I have a healthy tolerance for junk TV. Yes, OK, sometimes even an appetite for it. I can admit, with only a twinge of embarrassment, that I’ve watched all of Emily in Paris. Just as there are times when fast food hits the spot, there are times when a serve of trashy TV is just right.
Which is why my escalating antipathy as I ploughed through Bridgerton (Netflix) surprised me. By halfway through its eight-part first season – a second has recently been announced – I was thoroughly sick of the Bridgertons, their nasty neighbours, the Featheringtons, and most of London’s Regency-era high society. Even with the elaborate costumes, the lavish balls, the spirited sniping and the ostensibly steamy romance and hot sex. Even with its megaphone-blasted theme of female empowerment wrapped in a bodice-ripping yarn.
Doe-eyed English rose Daphne (right) spends a lot of time looking fragile and pained in Bridgerton.Credit:Liam Daniel
For, unlike several recent examples of impressive period drama, from Downton Abbey – whose success sparked historical drama’s revival – to Belgravia and The Crown, Bridgerton is flimsy, repetitive and achingly dull.
The plot is as thin as a London society belle; the unsurprising dramatic developments are delivered with the subtlety of a sledgehammer; the characters are mostly caricatures; and anything vaguely notable is constantly repeated.
A disapproving housekeeper frowns, purses her lips and shakes her head in every shot. A nasty neighbour brays and whinnies at her triumphs, which we know are likely to be short-lived, while her gaudy wardrobe loudly announces her terrible taste. The bitchy blonde is unremittingly bitchy. There’s a pair of gormless sisters who look like they’ve stepped straight out of Cinderella.
“It’s got the frocks and the orgasms, but little of the subtlety or substance.”
The heroine, doe-eyed English rose Daphne Bridgerton (Phoebe Dynevor) – porcelain skin, swan neck, inner turmoil stoically masked – spends a lot of time looking fragile and pained before she mines her inner steel. Meanwhile, the hero, Simon, the Duke of Hastings (Rege-Jean Page), is as darkly handsome, troubled and sexy as Mr Darcy, also a catch whose unease can be mistaken for arrogance.
For Bridgerton, based on novels by Julia Quinn and created for TV by Chris Van Dusen (Grey’s Anatomy, Scandal) for Shonda Rhimes’ company in its premiere Netflix outing, is a stew of ingredients harvested from elsewhere. Jane Austen looms large, but so do Gossip Girl and Pretty Little Liars with their viperish narrators who appear to have all the dirt on everyone while concealing their own identities. Here, the shenanigans and scandals of high society are chronicled in a hungrily consumed newsletter penned by Lady Whistledown (voiced by Julie Andrews).
The series has received favourable responses for its spotlight on the toxic nature of social constraints, its championing of female empowerment and particularly its welcome attention to female sexual pleasure. But the fact that it’s flying the flag for subjects that are pretty safe to support isn’t sufficient to overlook its fundamental flaws in scripting, casting and character development. In those key areas, Bridgerton is sadly deficient.
It essentially offers two and a half major plotlines: the romance between Daphne and Simon, the predicament of Miss Marina Thompson (Ruby Barker), who comes to live with the awful Featheringtons, and the affair between Daphne’s older brother, Anthony (Jonathan Bailey), and a socially unacceptable opera singer (Sabrina Bartlett), which is more like a side dish. There’s barely enough to sustain an episode, let alone a season.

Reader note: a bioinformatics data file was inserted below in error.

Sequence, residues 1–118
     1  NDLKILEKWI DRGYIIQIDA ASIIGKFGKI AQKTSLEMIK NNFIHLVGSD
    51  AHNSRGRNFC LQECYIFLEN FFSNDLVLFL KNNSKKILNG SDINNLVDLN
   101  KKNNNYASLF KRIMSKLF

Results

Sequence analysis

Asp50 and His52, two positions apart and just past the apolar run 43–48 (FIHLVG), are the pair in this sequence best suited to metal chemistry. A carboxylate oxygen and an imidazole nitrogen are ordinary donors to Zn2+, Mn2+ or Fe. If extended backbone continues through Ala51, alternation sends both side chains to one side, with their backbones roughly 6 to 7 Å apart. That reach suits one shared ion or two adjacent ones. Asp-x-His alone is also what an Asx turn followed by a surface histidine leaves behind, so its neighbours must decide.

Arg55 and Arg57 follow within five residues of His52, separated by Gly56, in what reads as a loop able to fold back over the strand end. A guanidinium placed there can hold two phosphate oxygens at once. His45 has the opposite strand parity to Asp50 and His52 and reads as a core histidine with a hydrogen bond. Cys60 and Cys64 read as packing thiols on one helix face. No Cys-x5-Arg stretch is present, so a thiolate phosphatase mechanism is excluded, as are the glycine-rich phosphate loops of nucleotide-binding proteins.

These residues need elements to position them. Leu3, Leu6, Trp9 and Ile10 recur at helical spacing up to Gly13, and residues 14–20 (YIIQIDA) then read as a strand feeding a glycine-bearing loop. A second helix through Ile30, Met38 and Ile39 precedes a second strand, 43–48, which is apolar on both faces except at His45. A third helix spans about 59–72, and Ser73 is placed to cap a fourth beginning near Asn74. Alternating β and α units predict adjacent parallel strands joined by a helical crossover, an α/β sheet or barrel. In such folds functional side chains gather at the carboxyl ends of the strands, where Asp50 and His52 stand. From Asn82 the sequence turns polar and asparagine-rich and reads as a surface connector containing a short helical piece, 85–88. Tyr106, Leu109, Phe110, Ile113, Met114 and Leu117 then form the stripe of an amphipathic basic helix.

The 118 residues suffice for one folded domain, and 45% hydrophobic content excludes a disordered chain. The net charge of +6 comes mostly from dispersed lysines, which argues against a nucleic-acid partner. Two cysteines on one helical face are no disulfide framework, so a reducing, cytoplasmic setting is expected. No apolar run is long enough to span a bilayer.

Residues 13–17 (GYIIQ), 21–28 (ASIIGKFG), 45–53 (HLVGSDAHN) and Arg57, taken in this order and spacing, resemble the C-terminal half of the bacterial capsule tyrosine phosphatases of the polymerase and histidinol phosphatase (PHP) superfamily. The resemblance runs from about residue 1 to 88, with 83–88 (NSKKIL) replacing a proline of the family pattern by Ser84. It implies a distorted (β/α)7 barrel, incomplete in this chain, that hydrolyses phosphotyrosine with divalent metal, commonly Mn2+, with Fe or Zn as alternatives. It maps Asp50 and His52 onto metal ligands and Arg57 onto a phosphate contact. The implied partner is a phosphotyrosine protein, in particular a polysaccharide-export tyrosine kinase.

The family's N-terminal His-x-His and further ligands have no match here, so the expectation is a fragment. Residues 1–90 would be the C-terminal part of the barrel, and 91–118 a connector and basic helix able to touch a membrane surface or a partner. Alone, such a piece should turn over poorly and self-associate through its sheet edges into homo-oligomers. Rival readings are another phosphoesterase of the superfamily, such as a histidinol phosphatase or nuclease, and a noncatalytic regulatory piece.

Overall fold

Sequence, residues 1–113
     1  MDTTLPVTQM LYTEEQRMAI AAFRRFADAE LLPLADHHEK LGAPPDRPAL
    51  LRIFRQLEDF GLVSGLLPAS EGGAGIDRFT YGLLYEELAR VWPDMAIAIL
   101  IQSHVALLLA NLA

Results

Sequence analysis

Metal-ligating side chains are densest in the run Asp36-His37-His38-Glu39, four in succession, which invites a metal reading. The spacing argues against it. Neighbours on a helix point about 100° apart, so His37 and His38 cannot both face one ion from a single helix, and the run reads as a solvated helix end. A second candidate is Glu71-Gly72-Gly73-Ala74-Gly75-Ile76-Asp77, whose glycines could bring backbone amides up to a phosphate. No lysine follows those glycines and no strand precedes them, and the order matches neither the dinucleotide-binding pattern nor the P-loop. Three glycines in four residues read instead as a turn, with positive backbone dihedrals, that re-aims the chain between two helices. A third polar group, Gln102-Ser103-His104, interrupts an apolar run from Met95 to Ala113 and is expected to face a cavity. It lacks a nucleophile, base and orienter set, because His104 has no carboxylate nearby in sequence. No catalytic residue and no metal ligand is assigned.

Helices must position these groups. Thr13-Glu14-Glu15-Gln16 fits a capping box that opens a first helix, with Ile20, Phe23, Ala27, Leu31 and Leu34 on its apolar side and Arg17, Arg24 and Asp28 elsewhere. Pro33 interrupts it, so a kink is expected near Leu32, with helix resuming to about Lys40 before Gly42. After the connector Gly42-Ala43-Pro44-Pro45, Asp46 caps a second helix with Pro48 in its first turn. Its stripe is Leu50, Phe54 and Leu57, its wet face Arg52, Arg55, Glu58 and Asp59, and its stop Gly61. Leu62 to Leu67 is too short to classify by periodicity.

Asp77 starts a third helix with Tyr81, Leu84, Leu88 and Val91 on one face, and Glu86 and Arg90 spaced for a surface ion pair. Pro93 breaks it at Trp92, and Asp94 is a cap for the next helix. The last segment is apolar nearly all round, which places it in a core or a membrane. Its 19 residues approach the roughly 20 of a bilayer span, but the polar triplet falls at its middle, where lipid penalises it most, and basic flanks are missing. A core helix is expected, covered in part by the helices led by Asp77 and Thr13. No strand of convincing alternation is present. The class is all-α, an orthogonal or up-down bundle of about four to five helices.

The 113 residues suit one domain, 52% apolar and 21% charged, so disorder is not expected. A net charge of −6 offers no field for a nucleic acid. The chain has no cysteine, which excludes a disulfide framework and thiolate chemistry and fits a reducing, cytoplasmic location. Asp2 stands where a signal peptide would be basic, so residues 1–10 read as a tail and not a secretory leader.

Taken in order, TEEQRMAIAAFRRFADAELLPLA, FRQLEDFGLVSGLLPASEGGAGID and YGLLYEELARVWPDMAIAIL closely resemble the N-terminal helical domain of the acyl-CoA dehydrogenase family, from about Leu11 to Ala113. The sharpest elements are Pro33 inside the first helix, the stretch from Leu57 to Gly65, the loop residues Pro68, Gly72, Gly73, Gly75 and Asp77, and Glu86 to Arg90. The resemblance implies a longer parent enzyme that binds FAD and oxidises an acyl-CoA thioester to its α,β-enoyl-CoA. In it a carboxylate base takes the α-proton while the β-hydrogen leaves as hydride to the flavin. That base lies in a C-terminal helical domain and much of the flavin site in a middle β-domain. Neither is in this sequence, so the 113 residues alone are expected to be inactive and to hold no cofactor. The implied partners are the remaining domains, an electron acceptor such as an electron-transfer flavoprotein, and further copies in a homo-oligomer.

Jonathan Bailey as Anthony, Viscount Bridgerton, the eldest Bridgerton son.Credit:Nick Briggs
The ups and downs of the romance between Daphne and Simon pivot on a deathbed vow he made to his father and become increasingly creaky as a device as the season drags on.
Meanwhile, in the realm of repetition, Anthony feels the weight of being the man of the house since his father’s death. He’s also seen to be trapped by expectation and convention but can be relied upon to make the wrong decision at any significant juncture.
Eloise (Claudia Jessie), Daphne’s younger sister, is an emerging feminist who buzzes about like an annoying wasp. She indignantly and incessantly bangs on about the shabby deal that women get in the scheme of things, until you long for her to shut up, even if you share her views.
The mostly unremarkable cast resembles the Grey’s Anatomy line-up of pretty people with a few who stand out from the pack. But given that the pulse and focus of the story lie with the thwarted passions and ambitions of the younger characters, one possibly unintentional outcome is that some of the older women have the most potent screen presence: Ruth Gemmell as Lady Violet, Daphne’s knowing and empathetic but socially stifled mother; Adjoa Andoh as Lady Danbury, Simon’s regal, canny guardian; and Golda Rosheuvel as the gossip-hungry, haughty, magnificently bewigged and privately pained Queen Charlotte.
To its credit – and there aren’t many positives – the series is blithely and convincingly colour-blind: the acceptance of black and brown characters in London society is briefly attributed to the king’s falling for Charlotte, his black queen.
Beyond that, though, it becomes clear that not all period dramas about England, class, fraught romance and family obligation are created equal. Shaped by an American sensibility, Bridgerton features few of the nuances or complexities that Julian Fellowes (Downton, Belgravia) and Peter Morgan (The Crown) draw upon so knowledgeably and effectively. Instead, it operates with broad, brash strokes. It’s got the frocks and the orgasms, but little of the subtlety or substance.
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